5:30 p.m. CST Monday, March 1, 2011
Mission Control Center, Houston, Texas
STS-133 MCC Status Report #11
HOUSTON – The International Space Station has a new room, filled with equipment, supplies and a new device that could be a precursor of spacewalking robots. The room was christened at 5:17 pm when the hatch was opened and Expedition 26 Commander Scott Kelly was first to enter.

The Permanent Multipurpose Module Leonardo was installed on the Earth-facing port of the station’s Unity node Tuesday at 9:05 a.m. If it had windows, it would be a room with a heck of a view.

The PMM adds 2,472 cubic feet of pressurized storage space to the station. It also brings to the station, in addition to a humanoid robot called Robonaut 2, a payload of about 28,000 pounds. It includes an express rack capable of housing a variety of scientific experiments, five resupply stowage racks, six resupply stowage platforms and two integrated stowage platforms.

The new module was unberthed from Discovery’s cargo bay at 7:26 a.m. by the station’s arm. Mission Specialists Michael Barratt and Nicole Stott used arm controls in the station’s cupola. The module had made seven previous visits as a cargo carrier.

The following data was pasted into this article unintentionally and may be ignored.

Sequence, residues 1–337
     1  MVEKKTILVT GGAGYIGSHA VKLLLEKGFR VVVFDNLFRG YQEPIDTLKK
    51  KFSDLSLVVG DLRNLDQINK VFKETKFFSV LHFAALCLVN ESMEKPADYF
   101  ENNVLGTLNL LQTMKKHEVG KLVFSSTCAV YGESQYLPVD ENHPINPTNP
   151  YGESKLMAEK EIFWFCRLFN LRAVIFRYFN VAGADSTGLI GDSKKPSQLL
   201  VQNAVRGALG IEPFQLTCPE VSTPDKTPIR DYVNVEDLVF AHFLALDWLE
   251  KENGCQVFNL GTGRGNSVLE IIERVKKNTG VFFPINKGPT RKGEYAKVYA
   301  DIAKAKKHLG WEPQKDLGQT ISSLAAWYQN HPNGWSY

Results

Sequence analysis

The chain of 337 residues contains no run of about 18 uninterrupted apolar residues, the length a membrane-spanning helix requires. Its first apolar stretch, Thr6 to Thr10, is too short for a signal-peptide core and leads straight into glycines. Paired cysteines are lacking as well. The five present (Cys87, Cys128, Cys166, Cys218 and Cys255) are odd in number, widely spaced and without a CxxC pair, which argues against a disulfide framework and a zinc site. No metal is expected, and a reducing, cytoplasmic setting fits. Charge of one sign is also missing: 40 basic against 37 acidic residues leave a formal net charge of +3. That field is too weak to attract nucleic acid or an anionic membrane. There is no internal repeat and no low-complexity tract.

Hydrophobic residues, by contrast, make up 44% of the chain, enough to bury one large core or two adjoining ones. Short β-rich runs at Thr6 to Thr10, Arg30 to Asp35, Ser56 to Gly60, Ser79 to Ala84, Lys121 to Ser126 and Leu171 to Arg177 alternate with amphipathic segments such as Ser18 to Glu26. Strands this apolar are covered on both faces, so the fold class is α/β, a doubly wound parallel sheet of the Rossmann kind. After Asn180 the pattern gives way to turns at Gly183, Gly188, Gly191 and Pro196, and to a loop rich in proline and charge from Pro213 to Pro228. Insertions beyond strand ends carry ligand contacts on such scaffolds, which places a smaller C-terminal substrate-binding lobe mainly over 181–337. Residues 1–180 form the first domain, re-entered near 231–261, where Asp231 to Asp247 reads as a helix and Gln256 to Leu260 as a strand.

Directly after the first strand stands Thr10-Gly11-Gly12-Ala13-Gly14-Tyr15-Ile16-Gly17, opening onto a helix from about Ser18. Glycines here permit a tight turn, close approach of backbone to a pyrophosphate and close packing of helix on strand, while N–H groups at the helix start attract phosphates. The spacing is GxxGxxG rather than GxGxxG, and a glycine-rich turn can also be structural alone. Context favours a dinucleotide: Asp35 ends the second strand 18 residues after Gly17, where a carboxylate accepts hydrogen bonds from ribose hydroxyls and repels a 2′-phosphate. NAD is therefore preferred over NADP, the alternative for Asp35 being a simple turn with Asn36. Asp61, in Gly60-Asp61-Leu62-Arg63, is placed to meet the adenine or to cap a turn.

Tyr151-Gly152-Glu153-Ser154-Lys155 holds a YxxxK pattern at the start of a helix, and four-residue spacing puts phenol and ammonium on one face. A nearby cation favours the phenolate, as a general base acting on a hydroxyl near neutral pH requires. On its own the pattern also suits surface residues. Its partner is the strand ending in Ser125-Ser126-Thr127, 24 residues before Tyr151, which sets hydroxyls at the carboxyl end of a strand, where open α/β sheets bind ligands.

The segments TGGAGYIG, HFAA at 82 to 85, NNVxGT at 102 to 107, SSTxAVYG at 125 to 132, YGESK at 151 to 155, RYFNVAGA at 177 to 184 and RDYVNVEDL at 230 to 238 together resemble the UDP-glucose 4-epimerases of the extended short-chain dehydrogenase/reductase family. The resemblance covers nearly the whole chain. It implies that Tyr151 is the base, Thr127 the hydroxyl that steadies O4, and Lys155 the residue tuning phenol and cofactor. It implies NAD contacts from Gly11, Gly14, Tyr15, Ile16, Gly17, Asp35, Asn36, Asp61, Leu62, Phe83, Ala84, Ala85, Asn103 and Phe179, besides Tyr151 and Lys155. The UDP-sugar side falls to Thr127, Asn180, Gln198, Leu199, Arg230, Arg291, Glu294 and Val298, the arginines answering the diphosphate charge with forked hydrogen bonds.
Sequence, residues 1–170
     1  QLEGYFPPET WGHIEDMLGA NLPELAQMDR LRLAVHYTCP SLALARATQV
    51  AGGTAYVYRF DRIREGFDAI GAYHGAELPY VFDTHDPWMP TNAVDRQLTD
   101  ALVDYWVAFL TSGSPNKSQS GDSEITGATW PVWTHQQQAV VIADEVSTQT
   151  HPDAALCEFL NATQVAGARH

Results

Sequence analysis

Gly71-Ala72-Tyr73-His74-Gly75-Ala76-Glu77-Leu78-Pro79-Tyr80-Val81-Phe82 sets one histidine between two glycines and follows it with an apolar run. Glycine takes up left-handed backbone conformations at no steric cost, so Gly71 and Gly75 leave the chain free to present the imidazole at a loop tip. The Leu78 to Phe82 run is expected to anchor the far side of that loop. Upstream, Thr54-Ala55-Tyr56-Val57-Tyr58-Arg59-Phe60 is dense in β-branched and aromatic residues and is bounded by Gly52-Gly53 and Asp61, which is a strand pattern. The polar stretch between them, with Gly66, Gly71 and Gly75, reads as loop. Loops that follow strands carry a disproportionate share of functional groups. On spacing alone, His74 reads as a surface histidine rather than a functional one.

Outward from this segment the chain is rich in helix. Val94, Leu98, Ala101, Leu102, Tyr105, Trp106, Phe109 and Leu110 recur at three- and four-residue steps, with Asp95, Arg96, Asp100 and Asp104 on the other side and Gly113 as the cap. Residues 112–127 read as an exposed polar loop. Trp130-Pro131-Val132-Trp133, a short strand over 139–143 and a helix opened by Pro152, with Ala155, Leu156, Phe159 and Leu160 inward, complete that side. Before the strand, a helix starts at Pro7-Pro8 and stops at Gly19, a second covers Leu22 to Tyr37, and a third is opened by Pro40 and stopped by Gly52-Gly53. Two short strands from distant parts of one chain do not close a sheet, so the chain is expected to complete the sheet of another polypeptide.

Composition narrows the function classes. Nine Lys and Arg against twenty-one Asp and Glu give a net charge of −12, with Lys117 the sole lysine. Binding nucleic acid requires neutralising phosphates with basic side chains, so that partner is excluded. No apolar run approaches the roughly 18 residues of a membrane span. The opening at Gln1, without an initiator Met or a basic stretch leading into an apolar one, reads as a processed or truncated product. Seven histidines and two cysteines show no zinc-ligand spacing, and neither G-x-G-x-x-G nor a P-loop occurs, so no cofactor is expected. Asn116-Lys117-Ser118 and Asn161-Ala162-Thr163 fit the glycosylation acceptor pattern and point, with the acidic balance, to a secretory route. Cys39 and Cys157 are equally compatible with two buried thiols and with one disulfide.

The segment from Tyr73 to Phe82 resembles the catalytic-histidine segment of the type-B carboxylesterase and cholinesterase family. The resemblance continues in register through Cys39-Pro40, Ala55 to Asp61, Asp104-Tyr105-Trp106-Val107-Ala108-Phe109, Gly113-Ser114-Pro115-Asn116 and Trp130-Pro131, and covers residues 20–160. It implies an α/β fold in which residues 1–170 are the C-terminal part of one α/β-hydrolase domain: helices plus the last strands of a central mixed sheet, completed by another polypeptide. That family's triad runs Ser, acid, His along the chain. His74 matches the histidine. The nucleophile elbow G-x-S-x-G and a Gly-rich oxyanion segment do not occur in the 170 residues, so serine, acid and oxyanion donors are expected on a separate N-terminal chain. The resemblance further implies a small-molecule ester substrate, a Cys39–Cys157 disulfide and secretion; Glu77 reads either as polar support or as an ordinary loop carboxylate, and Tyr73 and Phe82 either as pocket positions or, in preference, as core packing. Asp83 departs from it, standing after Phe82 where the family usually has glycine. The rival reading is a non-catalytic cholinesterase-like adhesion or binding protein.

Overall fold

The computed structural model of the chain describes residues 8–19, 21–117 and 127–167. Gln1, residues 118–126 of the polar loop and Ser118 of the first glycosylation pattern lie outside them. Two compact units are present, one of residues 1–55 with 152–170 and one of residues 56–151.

One of three such carriers built in Italy under contract to the Italian Space Agency, its conversion to a permanent module included adding shielding and rewiring.

Preparations for Wednesday’s spacewalk by Mission Specialists Steve Bowen and Al Drew included tool configuration and a spacewalk procedures review by eight of the shuttle and station crew members. The spacewalkers were to begin the standard campout in the Quest airlock at 6:48 p.m.

Barratt, Stott, shuttle Commander Steve Lindsey and station Commander Scott Kelly talked with media representatives from KTRK-TV of Houston and KING-TV and KOMO-TV, both of Seattle, at 3:23 p.m.

Commanders of both spacecraft were told about 10:15 a.m. that a proposed Soyuz flight at the station would not take place. Discovery will still get an extra day at the station, to be used for PMM outfitting. Landing is now scheduled for 10:36 a.m. Tuesday, March 8. Transfer work continued Tuesday, and is now about 60 percent complete.

The next status report will be issued after crew wakeup at 4:23 am Wednesday, or earlier if warranted.


- end -

text-only version of this release

NASA press releases and other information are available automatically by sending a blank e-mail message to To unsubscribe from this mailing list, send a blank e-mail message to

Back to NASA Newsroom | Back to NASA Homepage